Better known to Toronto concert·goers, however, is the chamber· music series - which, as McGeer explains, wouldn' t have happened without the orchestra. "We started Talisker as a loosely configured ensemble that worked with choirs, and somewhere along the way someone said. 'You know, there's a lot of interesting music for voice and chamber ensemble - you should start a series.' It was the beginning of the end of my life!'

That was nine years ago. And in a city where chamber-series come and go like commuters at Union Station, Talisker Players Chamber Music has succeeded in carving out an enviable place for itself: a three·-conceri series (with two performances of each programme, on consecutive nights) at Trinity-St. Paul's Centre, that attracts a loyal audience.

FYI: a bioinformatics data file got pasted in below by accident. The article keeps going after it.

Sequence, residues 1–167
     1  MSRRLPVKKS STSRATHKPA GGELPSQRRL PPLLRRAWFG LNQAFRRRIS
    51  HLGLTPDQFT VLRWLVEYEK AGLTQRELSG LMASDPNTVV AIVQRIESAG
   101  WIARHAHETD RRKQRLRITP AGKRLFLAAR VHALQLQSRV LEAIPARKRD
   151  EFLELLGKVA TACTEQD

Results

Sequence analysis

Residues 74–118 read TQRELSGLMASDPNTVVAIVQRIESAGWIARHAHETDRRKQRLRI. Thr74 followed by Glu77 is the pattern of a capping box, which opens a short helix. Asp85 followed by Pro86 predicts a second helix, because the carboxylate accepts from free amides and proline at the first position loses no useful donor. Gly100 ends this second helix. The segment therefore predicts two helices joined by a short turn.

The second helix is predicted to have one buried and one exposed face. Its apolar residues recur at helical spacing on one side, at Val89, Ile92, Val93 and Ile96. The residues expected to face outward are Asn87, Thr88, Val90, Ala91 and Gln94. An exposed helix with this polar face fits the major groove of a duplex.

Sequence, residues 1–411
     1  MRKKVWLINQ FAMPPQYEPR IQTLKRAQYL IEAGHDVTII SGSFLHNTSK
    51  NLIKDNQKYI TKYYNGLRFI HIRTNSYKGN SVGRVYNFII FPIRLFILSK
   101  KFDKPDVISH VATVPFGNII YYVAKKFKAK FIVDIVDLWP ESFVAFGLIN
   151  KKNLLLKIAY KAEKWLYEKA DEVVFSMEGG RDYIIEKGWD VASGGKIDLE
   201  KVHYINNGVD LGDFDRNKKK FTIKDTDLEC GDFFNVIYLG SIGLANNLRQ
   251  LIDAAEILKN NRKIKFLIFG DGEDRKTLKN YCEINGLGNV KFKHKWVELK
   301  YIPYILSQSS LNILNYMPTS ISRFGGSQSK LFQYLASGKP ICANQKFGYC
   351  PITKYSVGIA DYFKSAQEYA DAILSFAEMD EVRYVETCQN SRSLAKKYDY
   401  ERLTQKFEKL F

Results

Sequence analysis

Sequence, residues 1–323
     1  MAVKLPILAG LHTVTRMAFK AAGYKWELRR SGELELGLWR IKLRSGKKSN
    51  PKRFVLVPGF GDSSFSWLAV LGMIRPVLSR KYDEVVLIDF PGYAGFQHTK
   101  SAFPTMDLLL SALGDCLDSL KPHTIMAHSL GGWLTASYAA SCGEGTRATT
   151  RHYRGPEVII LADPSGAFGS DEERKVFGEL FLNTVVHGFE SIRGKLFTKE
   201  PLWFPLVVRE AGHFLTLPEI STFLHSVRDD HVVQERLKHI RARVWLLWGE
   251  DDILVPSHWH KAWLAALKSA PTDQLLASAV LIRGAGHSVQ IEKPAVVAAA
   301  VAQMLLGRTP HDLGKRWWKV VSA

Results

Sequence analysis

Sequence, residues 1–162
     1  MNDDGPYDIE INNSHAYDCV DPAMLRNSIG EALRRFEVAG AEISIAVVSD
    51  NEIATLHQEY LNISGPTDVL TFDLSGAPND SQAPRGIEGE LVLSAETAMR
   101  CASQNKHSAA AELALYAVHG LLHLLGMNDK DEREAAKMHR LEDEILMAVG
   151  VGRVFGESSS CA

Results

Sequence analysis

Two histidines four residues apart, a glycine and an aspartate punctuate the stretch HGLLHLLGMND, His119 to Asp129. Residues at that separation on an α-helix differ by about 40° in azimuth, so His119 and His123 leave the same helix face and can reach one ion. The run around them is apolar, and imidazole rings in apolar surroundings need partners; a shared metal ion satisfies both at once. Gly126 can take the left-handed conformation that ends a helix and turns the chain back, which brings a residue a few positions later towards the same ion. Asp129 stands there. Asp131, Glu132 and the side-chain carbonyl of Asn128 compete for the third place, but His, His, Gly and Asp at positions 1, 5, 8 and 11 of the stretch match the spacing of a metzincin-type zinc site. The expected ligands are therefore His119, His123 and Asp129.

In large part, this is due to the series' unique programs, which are comprised of works composed for voice and small instrumental groups. The performance of this repertoire is the cornerstone of the series - but McGeer confesses that, at the outset, she didn't know much about it. "We knew about a few pieces for solo voice and chamber ensemble that are famous," she notes, "such as Vaughan Williams' On Wenlock Edge, Britten's Serenade for Tenor, Horn and Strings, and Barber's Dover Beach. But we didn't know what else was out there. We wondered if there was more, and started to do some research. We discovered an amazing repertoire that hardly ever gets done - because once you get beyond voice with piano, things get complicated. We did a couple of trial concerts: people came, and they liked what they heard ."